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Argumentum ad baculum (Latin for "argument to the cudgel" or "appeal to the stick") is the fallacy committed when one makes an appeal to force[1] to bring about the acceptance of a conclusion.[2][3] One participates in argumentum ad baculum when one emphasizes the negative consequences of holding the contrary position, regardless of the contrary position's truth value—particularly when the argument-maker himself causes (or threatens to cause) those negative consequences. It is a special case of the appeal to consequences.


The Stanford Encyclopedia of Philosophy gives this example of argumentum ad baculum:

If you don't join our demonstration against the expansion of the park, we will evict you from your apartment;
So, you should join our demonstration against the expansion of the park.[4]

The phrase has also been used to describe the 1856 caning of Charles Sumner, an abolitionist Senator, by one of his pro-slavery opponents, Preston Brooks, on the floor of the United States Senate.[5]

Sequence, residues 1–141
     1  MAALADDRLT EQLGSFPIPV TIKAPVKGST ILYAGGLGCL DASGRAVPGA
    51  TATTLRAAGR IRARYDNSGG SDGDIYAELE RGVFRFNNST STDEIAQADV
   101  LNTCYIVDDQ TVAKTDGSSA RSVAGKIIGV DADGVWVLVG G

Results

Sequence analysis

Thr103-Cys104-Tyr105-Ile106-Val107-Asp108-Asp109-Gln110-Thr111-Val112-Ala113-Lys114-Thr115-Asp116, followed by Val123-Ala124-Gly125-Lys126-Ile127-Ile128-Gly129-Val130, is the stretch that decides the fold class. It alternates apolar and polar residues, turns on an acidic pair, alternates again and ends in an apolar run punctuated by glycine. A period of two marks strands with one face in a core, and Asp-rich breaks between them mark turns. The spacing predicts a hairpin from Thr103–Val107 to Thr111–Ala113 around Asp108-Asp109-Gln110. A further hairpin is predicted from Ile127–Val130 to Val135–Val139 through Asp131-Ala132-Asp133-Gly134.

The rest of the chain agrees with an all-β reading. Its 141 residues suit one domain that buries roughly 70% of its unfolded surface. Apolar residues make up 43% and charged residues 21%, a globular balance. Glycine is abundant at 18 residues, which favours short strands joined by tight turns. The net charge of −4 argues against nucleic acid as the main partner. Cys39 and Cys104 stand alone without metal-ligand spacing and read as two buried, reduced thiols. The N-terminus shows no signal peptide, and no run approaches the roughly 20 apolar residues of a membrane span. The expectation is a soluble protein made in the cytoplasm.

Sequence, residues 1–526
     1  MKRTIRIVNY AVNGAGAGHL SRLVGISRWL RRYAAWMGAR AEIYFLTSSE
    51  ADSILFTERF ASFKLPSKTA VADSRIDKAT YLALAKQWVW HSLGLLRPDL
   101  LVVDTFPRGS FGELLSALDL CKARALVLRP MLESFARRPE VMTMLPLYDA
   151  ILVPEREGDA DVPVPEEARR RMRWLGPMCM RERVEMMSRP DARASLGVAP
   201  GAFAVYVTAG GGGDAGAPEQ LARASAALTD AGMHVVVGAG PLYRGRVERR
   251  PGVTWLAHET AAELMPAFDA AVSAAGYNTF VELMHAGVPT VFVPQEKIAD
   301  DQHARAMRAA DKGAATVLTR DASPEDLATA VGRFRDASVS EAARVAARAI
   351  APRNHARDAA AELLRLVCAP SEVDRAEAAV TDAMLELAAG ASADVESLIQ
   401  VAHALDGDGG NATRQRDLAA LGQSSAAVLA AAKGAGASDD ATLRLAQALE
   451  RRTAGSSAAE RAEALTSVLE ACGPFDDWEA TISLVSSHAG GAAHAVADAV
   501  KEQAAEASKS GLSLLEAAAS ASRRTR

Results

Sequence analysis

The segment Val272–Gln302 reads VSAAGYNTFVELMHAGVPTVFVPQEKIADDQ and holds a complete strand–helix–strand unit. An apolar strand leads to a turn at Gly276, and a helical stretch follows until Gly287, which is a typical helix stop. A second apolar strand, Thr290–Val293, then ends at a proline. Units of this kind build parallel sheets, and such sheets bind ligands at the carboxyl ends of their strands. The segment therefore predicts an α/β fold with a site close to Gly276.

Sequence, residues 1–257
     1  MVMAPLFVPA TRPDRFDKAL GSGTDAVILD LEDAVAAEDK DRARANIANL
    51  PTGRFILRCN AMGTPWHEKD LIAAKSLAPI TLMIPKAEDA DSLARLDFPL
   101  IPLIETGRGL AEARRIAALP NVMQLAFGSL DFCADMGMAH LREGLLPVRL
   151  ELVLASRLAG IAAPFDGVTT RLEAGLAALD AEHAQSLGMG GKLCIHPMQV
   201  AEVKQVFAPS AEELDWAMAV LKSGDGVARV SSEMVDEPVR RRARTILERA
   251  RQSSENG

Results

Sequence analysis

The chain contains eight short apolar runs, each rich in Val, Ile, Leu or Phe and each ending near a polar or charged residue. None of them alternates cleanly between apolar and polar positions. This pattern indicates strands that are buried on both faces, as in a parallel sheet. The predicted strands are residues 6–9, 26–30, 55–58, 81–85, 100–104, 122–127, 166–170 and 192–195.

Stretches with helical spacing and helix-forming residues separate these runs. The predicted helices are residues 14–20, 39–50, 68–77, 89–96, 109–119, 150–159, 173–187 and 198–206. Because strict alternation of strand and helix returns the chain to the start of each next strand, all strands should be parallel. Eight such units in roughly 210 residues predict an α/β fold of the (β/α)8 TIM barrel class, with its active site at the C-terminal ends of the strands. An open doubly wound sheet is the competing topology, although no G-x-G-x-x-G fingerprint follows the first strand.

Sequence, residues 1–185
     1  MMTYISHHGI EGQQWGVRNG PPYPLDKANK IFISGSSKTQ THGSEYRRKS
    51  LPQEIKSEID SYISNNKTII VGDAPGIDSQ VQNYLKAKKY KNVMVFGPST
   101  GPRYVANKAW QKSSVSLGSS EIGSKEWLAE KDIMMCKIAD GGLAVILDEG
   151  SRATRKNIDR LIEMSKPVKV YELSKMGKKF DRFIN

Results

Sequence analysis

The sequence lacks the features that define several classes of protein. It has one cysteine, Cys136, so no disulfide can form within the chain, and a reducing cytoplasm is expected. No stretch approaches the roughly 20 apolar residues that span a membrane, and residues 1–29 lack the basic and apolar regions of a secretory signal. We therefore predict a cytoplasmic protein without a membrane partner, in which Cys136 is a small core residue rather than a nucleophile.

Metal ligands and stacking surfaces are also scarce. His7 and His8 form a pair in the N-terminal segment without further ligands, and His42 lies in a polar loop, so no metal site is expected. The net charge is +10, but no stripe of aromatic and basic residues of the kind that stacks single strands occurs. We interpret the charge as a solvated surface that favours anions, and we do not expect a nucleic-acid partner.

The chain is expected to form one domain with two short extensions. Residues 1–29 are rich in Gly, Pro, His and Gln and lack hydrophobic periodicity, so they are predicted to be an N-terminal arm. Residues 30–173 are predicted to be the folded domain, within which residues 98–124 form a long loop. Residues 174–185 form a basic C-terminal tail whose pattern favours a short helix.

See also


  1. ^ Curtis, Gary N. (2018). "Logical Fallacy: Appeal to Force". The Fallacy Files. Retrieved 24 June 2021.
  2. ^ "Argumentum ad Baculum". Lander University. Retrieved 23 July 2022.
  3. ^ Woods, John (November 1998). "Argumentum ad baculum" (PDF). Argumentation. 12 (4): 493–504. doi:10.1023/A:1007779930624. S2CID 143386357. Archived from the original (PDF) on 24 November 2016. Retrieved 16 May 2023.
  4. ^ Hansen, Hans (2020). "Fallacies". In Zalta, Edward N. (ed.). Stanford Encyclopedia of Philosophy (Summer 2020 ed.). Retrieved 16 May 2023.
  5. ^ "American Notes". The Illustrated London News. Vol. LXXI, no. 2009. 29 December 1877. p. 622. Retrieved 24 June 2021. ...that uncompromising Sumner whose eloquence exasperated a fiery Southerner into the employment of the argumentum ad baculum...